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Feel the Rhythm

magfestarcadeTo start the new year on a strong video game note, Chip and I attended our first MAGfest (Music and Games Festival) together last weekend. Apart from an excellent lineup of musical acts and entertaining panels, this convention boasts an impressive arcade set up. Nearly every kind of title you can imagine was available. From vintage arcade cabinets to pinball machines to numerous fighting games, all were free to play. Instead of overwhelming ourselves, darting back and forth between childhood favorites (most of which we could easily download from the Xbox Live Arcade), we decided to focus our attention on the pile of rhythm games we wouldn’t be able to play at home.

magfesttaikoUpon returning from MAGFest, we had a number of discussions about simulated dancing/drumming/guitar…ing, which inspired us to spend this month exploring the rhythm genre. One reason we chose to examine this particular genre here on GIMMGP is because these titles are by far and wide the easiest way to introduce a non-gamer to the world of video games. Rhythm games often feature intuitive controls and encourage group participation. Most people won’t play these types of games for nearly as long (or at all) if there isn’t anyone else around to share in the experience. It’s an awesome genre of gateway games that anyone can enjoy.

Many of the games we will be covering are more common in arcade culture than at-home gaming, but we’ll look at some rhythm games available for mobile devices and consoles as well. So to get us started, here are a few suggestions worth checking out.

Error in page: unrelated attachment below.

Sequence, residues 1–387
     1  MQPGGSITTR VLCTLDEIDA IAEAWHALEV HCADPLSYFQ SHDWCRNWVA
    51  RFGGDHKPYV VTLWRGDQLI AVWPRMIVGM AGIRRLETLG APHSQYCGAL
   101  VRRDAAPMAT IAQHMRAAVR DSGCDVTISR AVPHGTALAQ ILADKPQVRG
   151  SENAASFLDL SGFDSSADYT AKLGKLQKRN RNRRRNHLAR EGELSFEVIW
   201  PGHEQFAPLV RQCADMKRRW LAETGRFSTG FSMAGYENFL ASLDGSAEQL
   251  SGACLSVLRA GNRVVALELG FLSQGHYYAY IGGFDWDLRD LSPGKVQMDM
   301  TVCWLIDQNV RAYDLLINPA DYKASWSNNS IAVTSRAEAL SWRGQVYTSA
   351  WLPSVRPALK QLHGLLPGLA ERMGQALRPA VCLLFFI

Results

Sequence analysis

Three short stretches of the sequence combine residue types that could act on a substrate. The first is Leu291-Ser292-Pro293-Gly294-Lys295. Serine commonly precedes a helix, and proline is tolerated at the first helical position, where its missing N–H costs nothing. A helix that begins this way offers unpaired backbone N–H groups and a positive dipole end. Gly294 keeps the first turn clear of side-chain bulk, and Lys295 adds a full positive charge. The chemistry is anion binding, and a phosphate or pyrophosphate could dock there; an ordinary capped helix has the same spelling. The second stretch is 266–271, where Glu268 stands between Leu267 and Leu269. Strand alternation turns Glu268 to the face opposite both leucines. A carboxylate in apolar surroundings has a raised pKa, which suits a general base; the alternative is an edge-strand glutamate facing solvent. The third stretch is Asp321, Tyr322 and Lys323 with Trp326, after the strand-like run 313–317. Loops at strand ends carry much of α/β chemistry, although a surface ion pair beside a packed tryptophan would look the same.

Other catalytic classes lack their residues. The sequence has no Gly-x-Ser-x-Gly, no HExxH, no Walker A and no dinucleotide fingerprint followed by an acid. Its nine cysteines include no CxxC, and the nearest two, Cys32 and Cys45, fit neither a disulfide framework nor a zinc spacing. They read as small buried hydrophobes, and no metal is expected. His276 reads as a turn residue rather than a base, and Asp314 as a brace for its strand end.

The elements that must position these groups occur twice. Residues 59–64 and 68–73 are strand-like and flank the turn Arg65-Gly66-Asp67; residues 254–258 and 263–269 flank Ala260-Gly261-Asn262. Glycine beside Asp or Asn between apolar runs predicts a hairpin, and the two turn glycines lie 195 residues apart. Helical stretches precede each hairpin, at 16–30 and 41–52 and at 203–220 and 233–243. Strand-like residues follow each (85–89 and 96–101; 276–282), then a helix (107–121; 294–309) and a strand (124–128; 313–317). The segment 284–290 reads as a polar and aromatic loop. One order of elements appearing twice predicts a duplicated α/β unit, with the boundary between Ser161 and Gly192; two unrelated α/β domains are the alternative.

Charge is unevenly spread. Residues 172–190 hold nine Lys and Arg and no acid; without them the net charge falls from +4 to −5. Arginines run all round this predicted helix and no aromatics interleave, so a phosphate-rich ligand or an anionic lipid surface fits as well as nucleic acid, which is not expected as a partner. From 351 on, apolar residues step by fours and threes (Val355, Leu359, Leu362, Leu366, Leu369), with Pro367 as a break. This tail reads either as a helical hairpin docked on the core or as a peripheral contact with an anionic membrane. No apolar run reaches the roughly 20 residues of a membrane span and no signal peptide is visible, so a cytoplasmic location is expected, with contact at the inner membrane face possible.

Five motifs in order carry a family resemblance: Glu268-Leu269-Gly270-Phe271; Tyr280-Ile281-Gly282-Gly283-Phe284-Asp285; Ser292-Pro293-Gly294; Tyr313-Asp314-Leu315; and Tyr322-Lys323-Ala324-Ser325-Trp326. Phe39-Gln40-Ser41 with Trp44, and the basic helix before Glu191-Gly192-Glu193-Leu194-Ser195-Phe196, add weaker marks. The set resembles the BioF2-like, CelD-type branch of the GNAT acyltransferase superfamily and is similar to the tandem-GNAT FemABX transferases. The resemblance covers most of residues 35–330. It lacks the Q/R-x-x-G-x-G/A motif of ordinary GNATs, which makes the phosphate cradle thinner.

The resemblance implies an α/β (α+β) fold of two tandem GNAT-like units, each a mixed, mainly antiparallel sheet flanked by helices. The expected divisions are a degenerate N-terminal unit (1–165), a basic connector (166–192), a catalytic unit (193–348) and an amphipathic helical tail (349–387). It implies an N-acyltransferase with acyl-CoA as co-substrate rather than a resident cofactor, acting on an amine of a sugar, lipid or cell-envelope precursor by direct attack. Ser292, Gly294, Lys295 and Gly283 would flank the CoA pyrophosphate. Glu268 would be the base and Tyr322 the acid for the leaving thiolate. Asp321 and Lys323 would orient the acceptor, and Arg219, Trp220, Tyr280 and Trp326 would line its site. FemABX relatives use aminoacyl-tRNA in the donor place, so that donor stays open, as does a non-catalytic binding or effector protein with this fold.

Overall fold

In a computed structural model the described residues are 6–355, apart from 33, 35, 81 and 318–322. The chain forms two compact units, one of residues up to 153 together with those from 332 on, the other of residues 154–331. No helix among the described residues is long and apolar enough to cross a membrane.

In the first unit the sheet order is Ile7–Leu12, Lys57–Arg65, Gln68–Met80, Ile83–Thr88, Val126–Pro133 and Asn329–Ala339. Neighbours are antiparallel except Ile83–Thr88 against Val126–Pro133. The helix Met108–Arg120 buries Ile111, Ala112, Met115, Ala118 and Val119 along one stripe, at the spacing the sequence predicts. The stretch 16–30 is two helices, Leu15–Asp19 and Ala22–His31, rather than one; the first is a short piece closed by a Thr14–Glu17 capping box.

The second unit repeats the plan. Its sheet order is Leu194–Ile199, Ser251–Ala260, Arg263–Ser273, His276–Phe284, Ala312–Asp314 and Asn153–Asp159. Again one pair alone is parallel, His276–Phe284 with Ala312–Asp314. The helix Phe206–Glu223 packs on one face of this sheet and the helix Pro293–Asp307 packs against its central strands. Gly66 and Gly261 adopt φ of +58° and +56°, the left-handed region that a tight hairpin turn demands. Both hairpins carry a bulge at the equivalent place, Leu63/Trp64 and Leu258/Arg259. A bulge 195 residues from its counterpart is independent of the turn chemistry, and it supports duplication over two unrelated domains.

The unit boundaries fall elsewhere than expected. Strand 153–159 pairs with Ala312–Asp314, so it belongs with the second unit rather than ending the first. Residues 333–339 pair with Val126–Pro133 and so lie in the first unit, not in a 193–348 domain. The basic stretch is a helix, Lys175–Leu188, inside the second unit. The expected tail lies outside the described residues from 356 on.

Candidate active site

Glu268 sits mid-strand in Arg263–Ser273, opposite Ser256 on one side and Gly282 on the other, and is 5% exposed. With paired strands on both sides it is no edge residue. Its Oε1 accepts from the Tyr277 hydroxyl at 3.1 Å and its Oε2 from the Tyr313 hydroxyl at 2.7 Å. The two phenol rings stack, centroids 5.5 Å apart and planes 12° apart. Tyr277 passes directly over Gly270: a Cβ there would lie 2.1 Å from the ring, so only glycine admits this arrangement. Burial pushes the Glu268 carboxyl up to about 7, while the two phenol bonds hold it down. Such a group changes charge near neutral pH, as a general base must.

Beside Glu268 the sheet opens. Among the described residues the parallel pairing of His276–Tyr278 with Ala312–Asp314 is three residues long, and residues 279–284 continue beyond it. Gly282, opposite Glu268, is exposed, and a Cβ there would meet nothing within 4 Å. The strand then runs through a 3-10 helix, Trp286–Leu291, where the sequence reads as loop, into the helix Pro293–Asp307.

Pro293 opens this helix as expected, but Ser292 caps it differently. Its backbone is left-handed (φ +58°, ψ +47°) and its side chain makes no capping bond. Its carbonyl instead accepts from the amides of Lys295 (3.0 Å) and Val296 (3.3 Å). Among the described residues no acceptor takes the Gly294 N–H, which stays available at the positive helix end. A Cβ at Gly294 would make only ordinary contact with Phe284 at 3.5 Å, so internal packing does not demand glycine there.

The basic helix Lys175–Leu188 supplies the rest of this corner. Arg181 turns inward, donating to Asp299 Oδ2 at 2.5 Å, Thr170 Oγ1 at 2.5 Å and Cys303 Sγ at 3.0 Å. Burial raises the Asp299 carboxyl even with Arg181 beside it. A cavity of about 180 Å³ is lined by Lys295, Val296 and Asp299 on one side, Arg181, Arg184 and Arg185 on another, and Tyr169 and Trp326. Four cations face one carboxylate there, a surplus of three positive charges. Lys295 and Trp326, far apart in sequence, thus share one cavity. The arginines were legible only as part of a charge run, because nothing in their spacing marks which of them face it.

The Arcade
Arcade culture isn’t as prevalent in Western society as it used to be, but it is definitely still around. For example, Dave & Buster’s has about 55 locations across the US. Most of the locations I’ve been to offer many of the games we are going to cover. While this option can become a little pricey, it’s still provides a great experience: rhythm games and alcohol, dancing and drinking. It’s like going to a club, but better because everyone is actually having fun.
Recommendations: Dance Dance Revolution, Pump It Up

Mobile Devices
Between the iPhone and the 3DS, we have managed to acquire an impressive array of mobile rhythm games. If your girlfriend is looking for a way to share in your hobby, point her in this direction. These games are normally short and easy to learn. Be warned: if she doesn’t like them, it probably means she doesn’t like fun, so you shouldn’t be dating her anyways.
Recommendations: Reflect Beat (iPhone), Rhythm Heaven (DS)

Console
If you don’t have an arcade nearby or you aren’t looking to interact with the outside world, there are certainly options still available. Rhythm games for home consoles normally fall into three categories, based on their input devices:

Instrument Controllers: These games generally require use of accessories based on real-life instruments to play the game properly. Most likely you already own these items, or you know someone who isn’t playing theirs anymore that you can borrow.
Recommendations: Rock Band, Guitar Hero